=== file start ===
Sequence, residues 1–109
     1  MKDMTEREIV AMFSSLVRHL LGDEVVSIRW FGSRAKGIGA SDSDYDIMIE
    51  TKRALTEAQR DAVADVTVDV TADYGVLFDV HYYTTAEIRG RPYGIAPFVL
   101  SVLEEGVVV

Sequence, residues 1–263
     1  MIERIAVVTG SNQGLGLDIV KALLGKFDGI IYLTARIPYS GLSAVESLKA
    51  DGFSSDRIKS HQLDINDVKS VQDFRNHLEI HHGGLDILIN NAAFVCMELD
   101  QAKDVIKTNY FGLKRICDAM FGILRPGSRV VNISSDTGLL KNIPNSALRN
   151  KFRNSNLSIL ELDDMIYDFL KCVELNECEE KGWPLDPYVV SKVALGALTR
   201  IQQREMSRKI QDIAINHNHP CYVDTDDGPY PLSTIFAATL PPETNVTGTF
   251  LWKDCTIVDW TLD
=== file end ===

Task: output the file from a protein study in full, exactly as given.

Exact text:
Sequence, residues 1–109
     1  MKDMTEREIV AMFSSLVRHL LGDEVVSIRW FGSRAKGIGA SDSDYDIMIE
    51  TKRALTEAQR DAVADVTVDV TADYGVLFDV HYYTTAEIRG RPYGIAPFVL
   101  SVLEEGVVV

Sequence, residues 1–263
     1  MIERIAVVTG SNQGLGLDIV KALLGKFDGI IYLTARIPYS GLSAVESLKA
    51  DGFSSDRIKS HQLDINDVKS VQDFRNHLEI HHGGLDILIN NAAFVCMELD
   101  QAKDVIKTNY FGLKRICDAM FGILRPGSRV VNISSDTGLL KNIPNSALRN
   151  KFRNSNLSIL ELDDMIYDFL KCVELNECEE KGWPLDPYVV SKVALGALTR
   201  IQQREMSRKI QDIAINHNHP CYVDTDDGPY PLSTIFAATL PPETNVTGTF
   251  LWKDCTIVDW TLD